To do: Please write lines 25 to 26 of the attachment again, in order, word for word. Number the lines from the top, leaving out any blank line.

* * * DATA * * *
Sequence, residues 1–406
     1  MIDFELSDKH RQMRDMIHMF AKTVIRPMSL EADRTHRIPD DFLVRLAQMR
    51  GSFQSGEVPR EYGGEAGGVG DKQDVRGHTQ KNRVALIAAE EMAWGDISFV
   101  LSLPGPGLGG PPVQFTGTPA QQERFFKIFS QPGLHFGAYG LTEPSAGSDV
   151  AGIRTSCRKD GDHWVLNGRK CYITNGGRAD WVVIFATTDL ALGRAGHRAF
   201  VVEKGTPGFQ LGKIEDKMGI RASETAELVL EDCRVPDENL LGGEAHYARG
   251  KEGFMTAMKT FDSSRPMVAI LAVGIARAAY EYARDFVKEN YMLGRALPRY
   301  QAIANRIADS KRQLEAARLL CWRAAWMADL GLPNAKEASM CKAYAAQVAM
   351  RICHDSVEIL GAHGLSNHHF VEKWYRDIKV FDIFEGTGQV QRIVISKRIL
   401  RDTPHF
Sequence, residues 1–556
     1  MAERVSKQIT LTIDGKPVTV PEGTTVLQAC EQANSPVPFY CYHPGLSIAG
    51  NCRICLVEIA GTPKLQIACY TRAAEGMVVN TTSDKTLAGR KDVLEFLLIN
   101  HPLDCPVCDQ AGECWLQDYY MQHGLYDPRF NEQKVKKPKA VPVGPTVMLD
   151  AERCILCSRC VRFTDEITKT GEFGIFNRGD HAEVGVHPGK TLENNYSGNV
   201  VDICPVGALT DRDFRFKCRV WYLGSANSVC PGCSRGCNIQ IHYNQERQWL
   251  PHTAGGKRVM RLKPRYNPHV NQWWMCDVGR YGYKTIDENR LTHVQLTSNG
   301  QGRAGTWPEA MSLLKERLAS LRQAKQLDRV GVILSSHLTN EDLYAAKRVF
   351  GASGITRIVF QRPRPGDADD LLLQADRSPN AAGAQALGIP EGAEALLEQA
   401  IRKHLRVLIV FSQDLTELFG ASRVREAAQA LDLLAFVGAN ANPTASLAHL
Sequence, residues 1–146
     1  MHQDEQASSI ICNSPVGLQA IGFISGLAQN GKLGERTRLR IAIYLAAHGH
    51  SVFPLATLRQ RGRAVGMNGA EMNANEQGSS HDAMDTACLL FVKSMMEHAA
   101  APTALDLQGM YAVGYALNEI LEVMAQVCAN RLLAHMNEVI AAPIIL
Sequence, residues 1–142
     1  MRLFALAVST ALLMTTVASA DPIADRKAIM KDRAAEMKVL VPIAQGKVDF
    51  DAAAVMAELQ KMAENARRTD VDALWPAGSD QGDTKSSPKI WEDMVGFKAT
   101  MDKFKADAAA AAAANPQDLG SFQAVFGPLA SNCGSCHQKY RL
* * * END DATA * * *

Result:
Sequence, residues 1–142
     1  MRLFALAVST ALLMTTVASA DPIADRKAIM KDRAAEMKVL VPIAQGKVDF